This morning I read a little story about a Mom in Australia who held her newborn son against her skin for two hours after he was declared dead by doctors. Miraculously he gradually started showing signs of life, and today he is five months old, healthy and a joy to his parents.
Though it seems unrelated, this reminded me of a time, many years ago, when I was a therapist at a mental health clinic. It was my turn to stay in during lunch in case any "walk-ins" came in. A young man showed up, who I mistakenly agreed to see in my office alone, rather than remain in a place with an accessible exit to safety. He seemed rational until he started talking and demonstrating his paranoid delusions, one of them being about how much I resembled some woman he hated. As he spoke, his agitation increased as did my fear that he would become violent. I'm not sure which or how many drugs he had taken.
But eventually, he calmed down, and then was able to talk a little about the drama in his life - abandonment issues, rage, self-destructive behaviors. Staying "detached" from clients never proved to be one of my best therapeutic skills and all I could think about was how sad I felt for him. How must his mother feel?
He talked and I listened. There was not much more I could do, besides encouraging him to connect with family. He refused any services and would not be returning because he actually lived rather far away, in another town. He intended to return to his life style, which included occasional homelessness, to give in to his drug addiction and to remain isolated from his family, who lived in another state. He seemed determined to end his life, a little at a time.
I was relieved when he left my office, and uncharacteristically, I walked him to his car lest he linger in some other part of the facility. After shaking hands, the young man turned to leave. I felt I had not really helped him and all I could do was lay my hand on his back for a second in a motherly, caring manner.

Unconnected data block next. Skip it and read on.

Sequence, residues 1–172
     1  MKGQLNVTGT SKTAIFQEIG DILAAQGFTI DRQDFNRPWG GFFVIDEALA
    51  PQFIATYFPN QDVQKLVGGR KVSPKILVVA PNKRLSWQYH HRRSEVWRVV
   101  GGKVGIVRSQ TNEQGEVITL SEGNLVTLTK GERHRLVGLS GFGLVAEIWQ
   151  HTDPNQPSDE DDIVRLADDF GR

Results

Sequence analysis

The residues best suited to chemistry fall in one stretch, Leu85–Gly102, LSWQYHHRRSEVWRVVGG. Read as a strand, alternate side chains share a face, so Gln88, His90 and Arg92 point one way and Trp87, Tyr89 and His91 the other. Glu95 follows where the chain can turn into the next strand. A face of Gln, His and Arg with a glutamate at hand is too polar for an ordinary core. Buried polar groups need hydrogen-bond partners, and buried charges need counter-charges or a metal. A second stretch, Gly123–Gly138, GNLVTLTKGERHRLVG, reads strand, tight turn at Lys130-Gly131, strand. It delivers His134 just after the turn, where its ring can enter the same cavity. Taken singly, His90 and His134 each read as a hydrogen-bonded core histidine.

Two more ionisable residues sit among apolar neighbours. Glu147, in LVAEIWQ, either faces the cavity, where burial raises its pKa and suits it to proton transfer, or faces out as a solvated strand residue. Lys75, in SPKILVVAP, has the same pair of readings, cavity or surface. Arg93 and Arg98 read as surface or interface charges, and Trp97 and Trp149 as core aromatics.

About two weeks later, I received a call from someone whose name I did not recognize. It was the young man. He called to thank me, to tell me that he thought a lot about our conversation and that he had decided he wanted to turn his life around. He had called his parents and was going home.
We all know this was not the happy ending. It was merely the beginning of a long journey for this young man, but it was nice to know that at least for that moment, he had selected a happier path. Whether he stayed on it, I will never know.
The reason the baby story made me think of the young man's story is because I perceive that within them they contain a lesson about the power of touch.
It was the mother's warmth, and the love she communicated through her skin, that revived a life which had already decided to leave.
I know there may be many factors involved, but I am convinced that the touching of that young man is what made the most significant difference in our interaction. Somehow I know I communicated more with the brief, gentle touch than with the words I used.
There are various modalities that incorporate touch for healing, for balancing energy, etc... There is massage, Healing Touch Therapy, Reiki, and others. I think they're all good because the intention is sound and they really can do no harm. But, I don't think you need formal training to touch someone and wish them well.
I don't think we outgrow our need for touch, the same way we don't outgrow our need for food. The human spirit takes nourishment in many forms and in many ways we are all hungry for the gentle, loving touch of a loved one, or even a stranger.
For today, I'm going to focus on touch and how it can communicate my intentions. I hope I transmit the wish for love, health and well-being to all whom I touch.